The Tenth Circuit confirmed a $36.1 million international arbitration award in a dispute between Bolivian company Compañia de Inversiones Mercantiles S.A. (“CIMSA”) and a group of Mexican companies known as Grupo Cementos de Chihuahua, S.A.B. de C.V. and GCC Latinoamerica, S.A. de C.V. (collectively “GCC”) relating to a right of first refusal for certain shares. In doing so, the Court reaffirmed Federal policy in favor of arbitral dispute resolution, particularly with respect to international disputes.
Subsequent to the arbitration, defendant GCC initiated actions in both Bolivia and Mexico challenging the arbitration award. While GCC’s challenge was being litigated in Bolivia, plaintiff CIMSA filed an action in the United States District Court for the District of Colorado seeking to confirm the arbitration award pursuant to the New York Convention on the Recognition and Enforcement of Foreign Arbitral Awards (the “New York Convention”). The District Court confirmed the award and GCC appealed.
On appeal, the Tenth Circuit considered, among other things, GCC’s arguments that (1) the District Court lacked personal jurisdiction to confirm the award; and (2) the arbitration award should not have been confirmed because it had been set aside by a court in Bolivia. The Tenth Circuit rejected both arguments.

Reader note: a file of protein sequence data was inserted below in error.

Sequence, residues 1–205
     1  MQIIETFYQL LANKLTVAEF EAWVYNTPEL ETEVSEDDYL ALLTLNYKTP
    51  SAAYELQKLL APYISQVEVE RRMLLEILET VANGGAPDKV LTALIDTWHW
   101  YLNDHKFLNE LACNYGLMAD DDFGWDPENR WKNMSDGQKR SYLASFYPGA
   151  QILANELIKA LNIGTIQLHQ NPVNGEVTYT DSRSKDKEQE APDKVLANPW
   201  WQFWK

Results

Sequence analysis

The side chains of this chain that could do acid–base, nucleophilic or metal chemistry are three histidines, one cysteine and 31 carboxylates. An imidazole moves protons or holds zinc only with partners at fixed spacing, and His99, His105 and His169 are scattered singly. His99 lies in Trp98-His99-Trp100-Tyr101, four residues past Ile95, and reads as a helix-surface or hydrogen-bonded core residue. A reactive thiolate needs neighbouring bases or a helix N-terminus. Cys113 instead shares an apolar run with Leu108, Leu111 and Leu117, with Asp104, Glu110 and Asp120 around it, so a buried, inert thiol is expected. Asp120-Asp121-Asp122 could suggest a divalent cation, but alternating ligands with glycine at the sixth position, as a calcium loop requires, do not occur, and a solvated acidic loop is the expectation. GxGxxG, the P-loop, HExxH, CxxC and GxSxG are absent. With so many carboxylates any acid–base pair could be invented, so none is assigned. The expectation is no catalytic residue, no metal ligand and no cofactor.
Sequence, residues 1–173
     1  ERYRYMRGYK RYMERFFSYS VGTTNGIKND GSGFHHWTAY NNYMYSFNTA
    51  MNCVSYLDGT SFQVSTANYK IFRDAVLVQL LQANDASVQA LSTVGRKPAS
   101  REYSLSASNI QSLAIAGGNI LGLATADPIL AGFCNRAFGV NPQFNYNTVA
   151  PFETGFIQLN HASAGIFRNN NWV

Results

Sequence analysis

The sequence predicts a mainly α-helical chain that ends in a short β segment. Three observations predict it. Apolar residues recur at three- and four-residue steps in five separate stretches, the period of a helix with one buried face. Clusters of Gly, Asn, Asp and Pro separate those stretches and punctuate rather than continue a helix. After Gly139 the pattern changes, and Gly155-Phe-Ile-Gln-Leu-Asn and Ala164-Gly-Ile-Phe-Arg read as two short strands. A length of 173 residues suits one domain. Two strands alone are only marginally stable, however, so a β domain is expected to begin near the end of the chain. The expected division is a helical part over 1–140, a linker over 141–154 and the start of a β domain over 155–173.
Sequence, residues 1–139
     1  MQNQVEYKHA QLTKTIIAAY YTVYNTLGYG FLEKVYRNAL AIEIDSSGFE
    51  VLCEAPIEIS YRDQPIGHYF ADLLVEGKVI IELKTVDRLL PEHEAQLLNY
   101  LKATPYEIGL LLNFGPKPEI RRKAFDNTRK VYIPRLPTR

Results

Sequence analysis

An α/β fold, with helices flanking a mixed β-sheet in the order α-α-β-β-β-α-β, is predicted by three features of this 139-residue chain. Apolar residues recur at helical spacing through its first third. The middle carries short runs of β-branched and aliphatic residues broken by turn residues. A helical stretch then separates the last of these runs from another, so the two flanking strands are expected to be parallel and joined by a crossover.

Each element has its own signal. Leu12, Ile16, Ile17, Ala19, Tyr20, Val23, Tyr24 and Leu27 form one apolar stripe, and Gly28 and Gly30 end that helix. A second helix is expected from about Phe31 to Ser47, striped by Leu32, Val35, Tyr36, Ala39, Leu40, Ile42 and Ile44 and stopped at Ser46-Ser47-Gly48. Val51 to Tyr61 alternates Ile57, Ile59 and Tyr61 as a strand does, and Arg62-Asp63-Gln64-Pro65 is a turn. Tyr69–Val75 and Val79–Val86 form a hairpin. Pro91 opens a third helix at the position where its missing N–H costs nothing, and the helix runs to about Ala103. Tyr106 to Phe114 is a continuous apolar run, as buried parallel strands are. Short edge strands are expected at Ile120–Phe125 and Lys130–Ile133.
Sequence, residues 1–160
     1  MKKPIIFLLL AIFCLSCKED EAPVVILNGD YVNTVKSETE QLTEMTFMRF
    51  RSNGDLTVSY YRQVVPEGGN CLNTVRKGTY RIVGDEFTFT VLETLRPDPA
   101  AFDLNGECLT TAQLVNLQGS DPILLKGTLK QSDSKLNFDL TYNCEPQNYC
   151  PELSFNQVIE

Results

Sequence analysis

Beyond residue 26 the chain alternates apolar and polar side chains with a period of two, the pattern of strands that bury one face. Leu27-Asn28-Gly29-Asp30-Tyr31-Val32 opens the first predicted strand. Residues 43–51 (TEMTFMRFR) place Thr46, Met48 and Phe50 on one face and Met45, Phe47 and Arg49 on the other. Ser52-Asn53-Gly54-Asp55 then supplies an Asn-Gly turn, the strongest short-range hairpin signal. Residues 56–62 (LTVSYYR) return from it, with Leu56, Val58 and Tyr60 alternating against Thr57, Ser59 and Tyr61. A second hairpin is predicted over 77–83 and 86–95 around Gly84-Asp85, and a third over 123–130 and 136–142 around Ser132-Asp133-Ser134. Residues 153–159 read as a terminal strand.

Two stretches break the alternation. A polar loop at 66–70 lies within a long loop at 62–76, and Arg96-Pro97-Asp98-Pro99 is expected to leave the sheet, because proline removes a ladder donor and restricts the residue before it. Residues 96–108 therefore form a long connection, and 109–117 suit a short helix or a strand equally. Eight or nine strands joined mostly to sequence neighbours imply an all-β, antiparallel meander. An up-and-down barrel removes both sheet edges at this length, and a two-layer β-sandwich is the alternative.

In affirming the District Court’s finding of specific personal jurisdiction, the Tenth Circuit held that GCC had sufficient nationwide contacts in the United States to confer personal jurisdiction under Rule 4(k)(2). In order for a court to have specific personal jurisdiction over a defendant, the injury must “arise out of or relate to” the contacts in question. The Tenth Circuit rejected GCC’s argument that the only contacts that matter are ones that relate to the arbitration, rather than the underlying conduct that resulted in the arbitration award.
Though the contract at issue was executed outside the United States, the Court found that the parties’ multiple meetings in Miami and Houston concerning the negotiation and performance of the contract constituted sufficient contacts with the United States, noting a prior Supreme Court declaration that the “emphatic federal policy in favor of arbitral dispute resolution” applies “with special force in the field of international commerce.
Having affirmed the District Court’s finding of personal jurisdiction, the Tenth Circuit considered whether the District Court erred in confirming the arbitration award. Pursuant to Article V(1)(e) of the New York Convention, enforcement of an arbitration award can be refused if the award has been set aside or suspended by a competent authority in the country under whose law the arbitration award was made – in this case Bolivia. GCC argued that the award had been set aside by a Bolivian court and the District Court, therefore, should not have confirmed it.
The Tenth Circuit noted that “whether the arbitration tribunal’s award on the merits has been set aside or suspended is a knotty issue.” The Court considered the procedural history of the Bolivian litigation, took into account reports provided to the District Court from experts in Bolivian law, and found that, although GCC’s action to nullify the arbitration award in Bolivia was ongoing, and although the record in the Bolivian litigation was not clear to the Court, the arbitration award was not set aside or suspended for purposes of the New York Convention. The Court therefore affirmed the District Court’s confirmation of the award.